Congress shall make no law respecting an establishment of religion, or prohibiting the free exercise thereof; or abridging the freedom of speech, or of the press; or the right of the people peaceably to assemble, and to petition the Government for a redress of grievances. – First Amendment to the Constitution of the United States of America
Unless you have been living the past week on a deserted island, you know that lots of folks are fussing over the new Indiana religious freedom law. There are thousands of news articles about it and analyses pro and con.
However, I’m presenting you with the non-legal, non-technical, non-political, common sense explanation of how to understand this mess.
First, this had nothing to do with the civil rights movement and whether some people have to sit in the back of the bus or can’t get a sandwich at the lunch counter.
Second, this has nothing to do with whether someone can marry someone of the same gender, multiple genders or a tree.
Third, this has nothing to do with imposing my beliefs on anyone else.
What is has to do with is being able to live according to my religious beliefs.
So…rather than debating these in abstract terms, we’ll use an example to show how things should work in a real world that respects religious freedom and individual conscience.
Let’s say, just for the sake of discussion, that I’m a devout Catholic and I own bakery that makes really scrumptious cupcakes. And in the course of a business day, I have a series of customers with whom I have the following interactions:
- Mary and Jane each order a cupcake and after devouring them exclaim, “for sure, these are the best cupcakes ever.” They explain that they are planning a wedding and ask if I could supply six dozen cupcakes with a cute little rose on each one for their reception. I say I would be happy to do that. Then they ask if I could also bake a wedding cake and have a butter cream sculpture of two naked women kissing on top of the cake. To that, I explain that I don’t do butter cream nudes or kissing women, but they can pick anything else from my catalogue. At this point – in a sane world – Mary and Jane would get the cake somewhere else (or realize the cake they wanted lacked good taste – at least in the artistic sense).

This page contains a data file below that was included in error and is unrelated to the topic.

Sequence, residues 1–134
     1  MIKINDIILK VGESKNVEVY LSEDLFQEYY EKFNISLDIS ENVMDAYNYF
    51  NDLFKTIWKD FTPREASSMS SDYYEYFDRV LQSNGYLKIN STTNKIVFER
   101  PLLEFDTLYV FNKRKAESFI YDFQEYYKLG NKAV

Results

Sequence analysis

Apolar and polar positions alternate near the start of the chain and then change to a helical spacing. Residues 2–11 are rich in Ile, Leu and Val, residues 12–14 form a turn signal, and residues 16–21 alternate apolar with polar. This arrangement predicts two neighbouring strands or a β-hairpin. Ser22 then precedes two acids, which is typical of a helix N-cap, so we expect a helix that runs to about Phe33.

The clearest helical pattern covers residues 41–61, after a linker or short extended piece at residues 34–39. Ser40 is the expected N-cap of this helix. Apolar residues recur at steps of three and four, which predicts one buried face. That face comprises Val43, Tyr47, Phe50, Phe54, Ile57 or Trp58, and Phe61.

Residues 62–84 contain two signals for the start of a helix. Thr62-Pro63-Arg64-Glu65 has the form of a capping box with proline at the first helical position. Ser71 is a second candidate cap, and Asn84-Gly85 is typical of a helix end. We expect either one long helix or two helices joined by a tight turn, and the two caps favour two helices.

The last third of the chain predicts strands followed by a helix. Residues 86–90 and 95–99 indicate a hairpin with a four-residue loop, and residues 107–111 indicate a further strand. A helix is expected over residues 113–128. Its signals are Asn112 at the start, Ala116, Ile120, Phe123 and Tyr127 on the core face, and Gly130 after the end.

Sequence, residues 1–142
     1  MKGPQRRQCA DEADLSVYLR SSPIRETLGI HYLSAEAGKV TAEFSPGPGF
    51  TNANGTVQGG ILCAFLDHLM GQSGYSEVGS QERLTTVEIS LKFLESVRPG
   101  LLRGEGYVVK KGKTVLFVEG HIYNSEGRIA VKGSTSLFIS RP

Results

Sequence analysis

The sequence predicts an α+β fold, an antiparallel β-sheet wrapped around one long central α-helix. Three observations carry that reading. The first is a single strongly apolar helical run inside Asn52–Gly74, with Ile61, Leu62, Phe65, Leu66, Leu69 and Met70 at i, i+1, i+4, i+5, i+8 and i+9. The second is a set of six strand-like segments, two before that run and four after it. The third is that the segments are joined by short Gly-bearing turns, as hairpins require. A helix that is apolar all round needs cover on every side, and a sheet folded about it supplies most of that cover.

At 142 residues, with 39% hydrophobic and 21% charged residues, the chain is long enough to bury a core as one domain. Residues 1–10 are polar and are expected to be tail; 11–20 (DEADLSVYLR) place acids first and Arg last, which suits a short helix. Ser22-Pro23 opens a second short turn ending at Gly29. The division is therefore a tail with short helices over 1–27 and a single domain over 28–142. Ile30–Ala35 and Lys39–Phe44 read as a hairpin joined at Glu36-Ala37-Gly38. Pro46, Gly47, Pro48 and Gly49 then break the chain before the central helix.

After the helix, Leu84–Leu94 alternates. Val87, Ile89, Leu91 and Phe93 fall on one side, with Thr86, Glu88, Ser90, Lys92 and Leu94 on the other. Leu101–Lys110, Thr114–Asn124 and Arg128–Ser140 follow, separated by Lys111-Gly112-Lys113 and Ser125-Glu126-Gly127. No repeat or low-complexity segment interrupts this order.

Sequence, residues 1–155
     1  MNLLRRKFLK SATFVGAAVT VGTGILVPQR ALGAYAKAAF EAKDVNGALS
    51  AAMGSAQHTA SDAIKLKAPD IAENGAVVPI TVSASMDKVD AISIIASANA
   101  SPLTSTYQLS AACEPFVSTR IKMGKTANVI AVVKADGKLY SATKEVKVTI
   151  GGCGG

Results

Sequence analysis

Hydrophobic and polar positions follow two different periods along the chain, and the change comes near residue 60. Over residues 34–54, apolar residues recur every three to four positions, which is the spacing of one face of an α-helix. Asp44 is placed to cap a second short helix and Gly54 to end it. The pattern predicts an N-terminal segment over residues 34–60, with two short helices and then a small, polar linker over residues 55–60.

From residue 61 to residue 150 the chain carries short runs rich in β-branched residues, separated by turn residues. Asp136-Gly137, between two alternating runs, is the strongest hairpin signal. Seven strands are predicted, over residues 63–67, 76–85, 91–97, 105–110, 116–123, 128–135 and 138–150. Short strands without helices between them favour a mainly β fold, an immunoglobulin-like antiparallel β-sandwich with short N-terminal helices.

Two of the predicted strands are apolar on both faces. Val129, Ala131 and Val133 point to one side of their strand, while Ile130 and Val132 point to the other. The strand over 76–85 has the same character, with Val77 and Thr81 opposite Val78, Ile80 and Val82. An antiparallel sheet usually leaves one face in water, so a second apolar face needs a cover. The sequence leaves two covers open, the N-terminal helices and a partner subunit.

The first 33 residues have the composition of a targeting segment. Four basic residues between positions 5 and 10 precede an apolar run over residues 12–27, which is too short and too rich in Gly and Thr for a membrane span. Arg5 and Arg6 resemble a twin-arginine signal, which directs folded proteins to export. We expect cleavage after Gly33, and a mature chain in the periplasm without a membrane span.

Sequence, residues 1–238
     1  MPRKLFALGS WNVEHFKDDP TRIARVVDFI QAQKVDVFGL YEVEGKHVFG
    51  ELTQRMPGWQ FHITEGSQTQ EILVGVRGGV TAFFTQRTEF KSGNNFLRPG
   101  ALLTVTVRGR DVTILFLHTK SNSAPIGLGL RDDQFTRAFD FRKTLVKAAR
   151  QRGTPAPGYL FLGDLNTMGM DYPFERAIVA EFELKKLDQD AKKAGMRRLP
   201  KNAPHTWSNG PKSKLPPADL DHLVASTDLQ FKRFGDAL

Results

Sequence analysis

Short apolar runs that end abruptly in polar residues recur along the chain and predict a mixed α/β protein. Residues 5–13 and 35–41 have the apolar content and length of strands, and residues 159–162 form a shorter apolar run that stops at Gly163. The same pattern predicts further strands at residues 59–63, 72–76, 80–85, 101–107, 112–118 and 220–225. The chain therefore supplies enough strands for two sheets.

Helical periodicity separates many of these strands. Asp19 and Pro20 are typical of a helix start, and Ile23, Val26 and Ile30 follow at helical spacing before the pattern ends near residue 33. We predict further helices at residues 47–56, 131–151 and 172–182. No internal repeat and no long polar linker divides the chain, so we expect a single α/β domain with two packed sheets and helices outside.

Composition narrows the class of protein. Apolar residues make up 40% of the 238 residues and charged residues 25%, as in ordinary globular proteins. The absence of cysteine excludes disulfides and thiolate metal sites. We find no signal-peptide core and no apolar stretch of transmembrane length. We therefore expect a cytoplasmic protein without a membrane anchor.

- Ralph wanders into my shop and orders a cupcake, takes one bite and proclaims me to be the cupcake master, the boss of batter, the sultan of sugar…you get the idea. He then says he wants to order 500 white cupcakes for his upcoming Ku Klux Klan convention and have me there to hand them out — he’ll be sure to credit me as his supplier. Hmmmm…..well…..I explain that I have no interest in being a part of his convention because what his organization stands for runs counter to my faith.
- Smith enters my shop, buys a cupcake and nibbles around the edges, noting she is watching her weight – but says if she were not counting calories she would engulf the cupcake. She explains that she is having a confirmation party for her daughter and would like to order 50 cupcakes and a big cake with a Christian cross on top. And could I deliver them? I say that would be fine – here is my sample book so you can pick out the cross design you like most.
Three very different customers, but the one thing they have in common is that I graciously served each of them when they entered my shop and asked for something I had for sale. I didn’t ask them to identify their gender preference, racial beliefs or religion. Each wanted a cupcake and I sold it to them.
However, when they asked me to get involved with them in a manner that would run with or against my values, I did make different choices. That is something our constitution allows me to do. There is much common sense in the constitution.